Remember, sustainability is about more than just improving your bottom line. People, planet, profit (not necessarily in that order) means helping out the company, the local environment, and those who exist in it. Sure you can save a few bucks, but you're also helping the planet
Happy employees are productive employees. Check out this article by Inc. saying happiness boosts productivity by 10%. Or this Harvard Business Review article that shows happy employees are on average 31% more productive, produce 37% higher sales, and are 3 times more creative
Like I said above, profit is a staple of sustainability. Become more profitable without expanding your operation and create a workforce that looks forward to getting the job done quickly and efficiently
Say what you will but sustainability is here to stay. Savvy businesses are getting with the program, and one aspect of that means the people and companies you do business with now are going to start taking that into consideration when doing business with you
How would your business measure up? More importantly, how would your partners, suppliers, and others you do business with measure up? Look into sustainable supply chain management and figure out where you, your partners, and suppliers all stand
For you to be sustainable you need to be doing business with other sustainable companies, otherwise it doesn't work. What will your customers and suppliers think of your company and your sustainability program? Will they want to continue doing business with you as they become more sustainable? Do you want to continue doing business with them? More importantly, will you be missing out on opportunities by clinging to the past?
Following the last item, the business and financial world are actively seeking sustainable businesses. Have you heard of the Dow-Jones Sustainability Index? How about mutual funds devoted entirely to sustainable businesses? Socially responsible investing anyone? These investors are reviewing your sustainability reports and scrutinizing what you're publishing
If you want to work with the best customers, the best companies, the best suppliers, or if you want financing from the public realm, then you've got to have a program or some practices in place. Don't we all have a dream customer? A dream job? Something simple but highly profitable? Sustainability can get you to a point where this dream becomes a reality
The financial world today isn't interested in dinosaurs. Forward-thinking companies, as demonstrated by a sustainability program, almost always have a much lower financial risk, insurance risk, liability risk, you name it
You're attractive to customers, the financial world, insurers, etc. Since you're a star, expect to get treated like one, with increased access to capital, reduced underwriting costs, etc. This is an area that can see a wide variety in cost savings and financial opportunities
If you want to be welcomed, appreciated, and a vital part of your community, you're going to need to… think about your community! Again, think about big organizations like Amazon. We recently had an Amazon shipment center (or something along those lines) open up around the corner from our office. They were welcomed with open arms because of how they treat their people, their business practices, and their pro-environmental stance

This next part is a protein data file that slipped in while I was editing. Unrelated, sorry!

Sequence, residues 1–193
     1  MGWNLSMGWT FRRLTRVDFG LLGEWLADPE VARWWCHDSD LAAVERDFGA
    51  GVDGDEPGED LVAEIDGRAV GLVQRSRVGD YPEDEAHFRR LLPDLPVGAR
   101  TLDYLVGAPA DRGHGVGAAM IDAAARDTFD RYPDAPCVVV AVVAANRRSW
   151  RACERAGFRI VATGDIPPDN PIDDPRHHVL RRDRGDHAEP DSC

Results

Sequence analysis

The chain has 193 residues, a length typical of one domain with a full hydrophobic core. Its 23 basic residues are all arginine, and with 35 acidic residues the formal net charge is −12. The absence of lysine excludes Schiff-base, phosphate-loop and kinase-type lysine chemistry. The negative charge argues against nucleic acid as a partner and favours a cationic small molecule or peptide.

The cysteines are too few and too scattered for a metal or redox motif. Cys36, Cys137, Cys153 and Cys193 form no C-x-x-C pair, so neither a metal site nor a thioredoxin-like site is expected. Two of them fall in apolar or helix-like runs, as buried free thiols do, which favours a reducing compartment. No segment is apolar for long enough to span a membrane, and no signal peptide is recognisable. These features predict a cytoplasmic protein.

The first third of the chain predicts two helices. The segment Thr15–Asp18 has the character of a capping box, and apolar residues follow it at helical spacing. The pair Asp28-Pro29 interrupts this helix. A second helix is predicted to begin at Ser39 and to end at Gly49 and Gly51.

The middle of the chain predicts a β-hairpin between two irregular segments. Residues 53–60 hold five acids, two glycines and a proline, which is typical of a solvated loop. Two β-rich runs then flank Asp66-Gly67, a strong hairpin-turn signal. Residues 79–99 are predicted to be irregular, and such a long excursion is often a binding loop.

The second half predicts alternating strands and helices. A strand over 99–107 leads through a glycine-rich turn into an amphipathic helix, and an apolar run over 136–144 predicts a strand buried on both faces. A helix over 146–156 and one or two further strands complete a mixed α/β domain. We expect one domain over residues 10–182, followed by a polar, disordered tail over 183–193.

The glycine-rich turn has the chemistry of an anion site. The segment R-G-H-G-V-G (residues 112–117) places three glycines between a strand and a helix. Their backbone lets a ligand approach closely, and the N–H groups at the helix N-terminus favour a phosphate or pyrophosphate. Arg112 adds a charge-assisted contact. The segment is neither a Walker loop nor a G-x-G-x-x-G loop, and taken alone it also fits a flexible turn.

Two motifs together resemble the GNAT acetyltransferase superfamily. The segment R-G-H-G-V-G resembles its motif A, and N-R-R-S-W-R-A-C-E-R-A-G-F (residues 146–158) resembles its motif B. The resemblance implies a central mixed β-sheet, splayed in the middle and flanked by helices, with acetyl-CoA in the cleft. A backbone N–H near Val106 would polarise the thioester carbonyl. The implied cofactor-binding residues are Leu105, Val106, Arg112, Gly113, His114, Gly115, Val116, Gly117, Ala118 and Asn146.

Let's say you're opening up a new facility. How are you going to be received? How many angry citizens will show up at local meetings? Or, how many happy voices will support you entering their community?
If you want better treatment from your community, you need a good reputation. Sustainability can help. Even being pro-environment and spreading your message (hint, use your website) can help! It can mean an easier time getting local approvals and permits, tax incentives, etc., which all mean less money shelled out up front. Now you've just obtained a big plus for your bottom line
This is such a no-brainer it isn't funny. Run a clean, lean, green operation and your inspectors, regulatory agents, and any environmental worries will be a breeze. You'll have fewer inspections, less fines, less hassles, less complaints from neighbors
We've seen this before to the point where regulatory agencies use clean, environmentally friendly facilities as comparisons when visiting other facilities. That indirect marketing really helps elevate your position as an industry and market leader, all contributing to your standing with officials and the community
Sustainability can (and in many, many places already has) become a key component in buying decisions. Organizations, businesses, and agencies are already demanding that sustainability be part of your business if you want to be a part of their project
A good client of ours was one of only two suppliers in a region who had a product with an EPD. Sure enough, they bid on a job for an extremely forward thinking, multi-national company who would only do business with those who could provide environmental data on their products and services. They ended up getting a very, very lucrative job based solely on the environmental qualities of their product. Simply put, they made a more environmentally friendly product than their competitor, and they got the job